Shane Jones may have always thought he was the most important politician in New Zealand.
Simon Bridges has made it so when he ruled out working with New Zealand First.
And while the underlying motivation of ruling out New Zealand First was to kill off the party – a perfectly legitimate goal for a rival party – Bridges' decision will have the opposite effect.
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It will almost certainly strengthen New Zealand First, weaken National and put pressure on Bridges' leadership.
What happens in Northland when Jones stands for New Zealand First will play a key role in that and could determine the next Government.
The focus on Northland in the September general election will be as intense as any byelection, and Shane Jones will have the stage he was born to fill.
As one of New Zealand's best retail politicians, Jones will be up against first-term National MP Matt King, who is unproven in handling the pressure of an important contest.
It should be quite a ride. Jones is the closest anyone in Parliament has come to emulating the creative, entertaining and occasionally bewildering rhetoric of the late Mike Moore.
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This election, the voting incentives and disincentive will be different to last time and the byelection.
Last election, when it was King vs Winston Peters, there was absolutely no incentive for Labour or Green supporters to again back Peters as the Northland MP.
Not only was it looking probable his New Zealand First party would hold the balance of power, there was a very live possibility he could have installed a National Government.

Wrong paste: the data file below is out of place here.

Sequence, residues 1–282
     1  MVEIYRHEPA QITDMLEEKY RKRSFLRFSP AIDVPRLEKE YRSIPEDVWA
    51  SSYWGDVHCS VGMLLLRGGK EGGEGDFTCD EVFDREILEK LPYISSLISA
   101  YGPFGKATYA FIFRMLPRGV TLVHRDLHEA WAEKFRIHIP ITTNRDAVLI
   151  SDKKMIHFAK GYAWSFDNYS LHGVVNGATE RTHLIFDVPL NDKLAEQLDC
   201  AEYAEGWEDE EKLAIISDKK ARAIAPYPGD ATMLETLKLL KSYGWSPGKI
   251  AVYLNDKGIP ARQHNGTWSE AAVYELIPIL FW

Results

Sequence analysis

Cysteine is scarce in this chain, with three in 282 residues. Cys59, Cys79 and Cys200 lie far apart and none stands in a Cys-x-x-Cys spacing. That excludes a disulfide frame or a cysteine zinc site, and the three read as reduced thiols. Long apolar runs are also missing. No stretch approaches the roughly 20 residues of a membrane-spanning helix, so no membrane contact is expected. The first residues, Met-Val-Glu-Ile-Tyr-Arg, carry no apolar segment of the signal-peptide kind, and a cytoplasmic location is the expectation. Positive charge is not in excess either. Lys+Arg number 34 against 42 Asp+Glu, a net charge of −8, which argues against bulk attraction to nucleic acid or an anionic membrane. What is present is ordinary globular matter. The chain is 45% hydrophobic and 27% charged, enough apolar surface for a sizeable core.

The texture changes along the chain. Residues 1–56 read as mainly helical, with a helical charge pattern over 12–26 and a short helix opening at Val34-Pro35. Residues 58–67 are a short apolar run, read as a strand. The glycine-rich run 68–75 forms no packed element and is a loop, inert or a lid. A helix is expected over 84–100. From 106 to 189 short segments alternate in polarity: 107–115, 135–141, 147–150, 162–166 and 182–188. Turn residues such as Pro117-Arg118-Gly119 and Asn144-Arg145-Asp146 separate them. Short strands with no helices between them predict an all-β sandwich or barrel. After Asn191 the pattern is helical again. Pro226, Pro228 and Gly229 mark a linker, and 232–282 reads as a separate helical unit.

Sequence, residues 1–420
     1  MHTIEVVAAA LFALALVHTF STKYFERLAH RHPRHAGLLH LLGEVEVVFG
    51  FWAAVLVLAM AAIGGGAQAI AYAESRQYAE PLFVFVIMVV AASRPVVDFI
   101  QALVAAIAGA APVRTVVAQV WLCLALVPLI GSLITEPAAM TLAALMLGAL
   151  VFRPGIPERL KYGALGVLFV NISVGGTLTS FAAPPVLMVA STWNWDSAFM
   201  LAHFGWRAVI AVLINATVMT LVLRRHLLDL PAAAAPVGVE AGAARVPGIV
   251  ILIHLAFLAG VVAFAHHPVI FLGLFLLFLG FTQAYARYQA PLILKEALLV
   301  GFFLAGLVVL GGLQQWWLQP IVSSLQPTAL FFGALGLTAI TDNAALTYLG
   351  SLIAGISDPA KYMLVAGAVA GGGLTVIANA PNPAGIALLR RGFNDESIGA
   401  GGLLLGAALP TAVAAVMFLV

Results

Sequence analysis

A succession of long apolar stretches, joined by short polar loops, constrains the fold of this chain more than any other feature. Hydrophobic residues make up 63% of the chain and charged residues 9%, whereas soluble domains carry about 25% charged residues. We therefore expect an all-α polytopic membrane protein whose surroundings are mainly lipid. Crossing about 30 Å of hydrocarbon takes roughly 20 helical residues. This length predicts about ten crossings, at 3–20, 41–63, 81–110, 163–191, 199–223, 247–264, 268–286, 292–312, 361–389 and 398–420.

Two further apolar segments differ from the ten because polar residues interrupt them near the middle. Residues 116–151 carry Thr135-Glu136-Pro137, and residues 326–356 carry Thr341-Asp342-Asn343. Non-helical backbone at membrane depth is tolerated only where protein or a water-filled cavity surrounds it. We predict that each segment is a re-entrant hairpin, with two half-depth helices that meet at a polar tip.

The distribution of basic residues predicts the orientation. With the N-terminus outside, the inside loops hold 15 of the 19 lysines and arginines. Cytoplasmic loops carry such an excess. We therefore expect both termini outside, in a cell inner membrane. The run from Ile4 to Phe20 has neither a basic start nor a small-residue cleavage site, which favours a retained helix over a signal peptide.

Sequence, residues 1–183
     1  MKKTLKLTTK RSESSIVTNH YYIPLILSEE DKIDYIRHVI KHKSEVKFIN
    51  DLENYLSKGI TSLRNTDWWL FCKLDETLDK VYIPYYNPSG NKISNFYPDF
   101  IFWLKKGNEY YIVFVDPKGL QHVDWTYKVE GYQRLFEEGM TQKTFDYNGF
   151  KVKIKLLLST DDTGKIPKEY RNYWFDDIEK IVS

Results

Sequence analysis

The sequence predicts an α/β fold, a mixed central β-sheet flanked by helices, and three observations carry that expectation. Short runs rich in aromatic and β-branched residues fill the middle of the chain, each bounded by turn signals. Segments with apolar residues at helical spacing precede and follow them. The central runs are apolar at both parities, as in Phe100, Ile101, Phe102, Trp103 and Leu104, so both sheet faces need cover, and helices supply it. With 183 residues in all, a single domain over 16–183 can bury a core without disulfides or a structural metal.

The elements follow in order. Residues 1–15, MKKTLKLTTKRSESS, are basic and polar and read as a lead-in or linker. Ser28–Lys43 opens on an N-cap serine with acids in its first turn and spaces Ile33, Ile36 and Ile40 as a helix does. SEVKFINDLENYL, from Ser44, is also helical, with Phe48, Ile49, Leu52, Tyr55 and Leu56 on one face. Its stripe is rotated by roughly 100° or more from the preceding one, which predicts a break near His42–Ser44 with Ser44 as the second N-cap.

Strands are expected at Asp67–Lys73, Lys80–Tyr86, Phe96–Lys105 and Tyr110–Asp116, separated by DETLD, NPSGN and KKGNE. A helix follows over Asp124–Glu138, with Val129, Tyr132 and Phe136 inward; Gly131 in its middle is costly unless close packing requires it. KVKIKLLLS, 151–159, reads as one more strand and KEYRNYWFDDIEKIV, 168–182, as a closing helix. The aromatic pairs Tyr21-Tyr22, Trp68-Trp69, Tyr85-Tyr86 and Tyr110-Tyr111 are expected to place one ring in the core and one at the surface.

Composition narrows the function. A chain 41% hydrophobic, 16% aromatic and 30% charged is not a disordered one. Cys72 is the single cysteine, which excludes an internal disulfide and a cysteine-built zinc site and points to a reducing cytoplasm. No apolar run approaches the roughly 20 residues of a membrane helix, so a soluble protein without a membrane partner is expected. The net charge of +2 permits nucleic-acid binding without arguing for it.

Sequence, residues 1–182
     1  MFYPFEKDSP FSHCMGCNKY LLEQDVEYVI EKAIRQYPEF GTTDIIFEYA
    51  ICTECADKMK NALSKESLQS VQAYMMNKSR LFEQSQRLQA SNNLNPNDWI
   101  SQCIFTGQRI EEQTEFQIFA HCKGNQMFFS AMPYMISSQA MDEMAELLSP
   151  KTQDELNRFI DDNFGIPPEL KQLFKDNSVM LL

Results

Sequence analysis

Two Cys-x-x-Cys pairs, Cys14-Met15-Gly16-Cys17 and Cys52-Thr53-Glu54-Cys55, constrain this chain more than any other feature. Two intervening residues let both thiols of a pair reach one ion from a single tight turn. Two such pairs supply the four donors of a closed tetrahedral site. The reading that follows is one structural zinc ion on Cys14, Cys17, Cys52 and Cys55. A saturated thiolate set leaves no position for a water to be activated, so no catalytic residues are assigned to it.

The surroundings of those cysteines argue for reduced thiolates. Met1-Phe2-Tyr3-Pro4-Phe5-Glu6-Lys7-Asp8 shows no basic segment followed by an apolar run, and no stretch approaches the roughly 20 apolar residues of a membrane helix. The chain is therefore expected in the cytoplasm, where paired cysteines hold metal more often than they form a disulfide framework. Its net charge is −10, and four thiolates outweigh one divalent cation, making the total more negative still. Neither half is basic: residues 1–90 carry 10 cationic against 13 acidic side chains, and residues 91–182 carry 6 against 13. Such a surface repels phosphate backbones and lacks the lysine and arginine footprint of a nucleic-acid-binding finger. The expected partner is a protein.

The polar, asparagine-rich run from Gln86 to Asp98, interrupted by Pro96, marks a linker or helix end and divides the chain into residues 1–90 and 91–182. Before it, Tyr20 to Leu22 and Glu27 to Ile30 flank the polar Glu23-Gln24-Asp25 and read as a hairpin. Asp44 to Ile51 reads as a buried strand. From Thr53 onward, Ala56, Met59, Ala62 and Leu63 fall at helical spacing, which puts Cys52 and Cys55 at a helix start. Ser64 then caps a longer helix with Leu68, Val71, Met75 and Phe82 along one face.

The centre-left are clearly very savvy voters in the north. In the 2015 byelection when the effect of electing Winston Peters was very clear at the outset – one extra seat to the Labour-led Opposition - they voted for Peters strategically.
In 2017, when the outcome was a lottery, they did not take the risk.
Northland voters won't have the same quandary this year.
Simon Bridges' decision has made choices easier for the centre-left of Northland because New Zealand First could only go with a Labour-led Government, not National.
There is no risk for a Labour or Greens supporter in Northland giving his or her electorate vote to Jones, and only potential benefit if a Jones win means New Zealand First is guaranteed a place in Parliament, even if it falls under 5 per cent.
The bigger risk is that if Jones does not win Northland and New Zealand First fails the threshold, Labour and the Greens would not have enough support for a second term and National gets power.
They will work that out in Northland. Even if Matt King's vote holds, the most obvious path to victory for the current Government is to have all three parties returned and getting Jones to reverse King's 1389 majority.
The secret desire of the Left for a Labour-Greens coalition Government where Fair Pay Agreements and wealth taxes whiz through without impediment is not impossible but is improbable.
At some point, Peters might consider revising his immediate response to National's decision - which was to suggest there would be ways around the decision.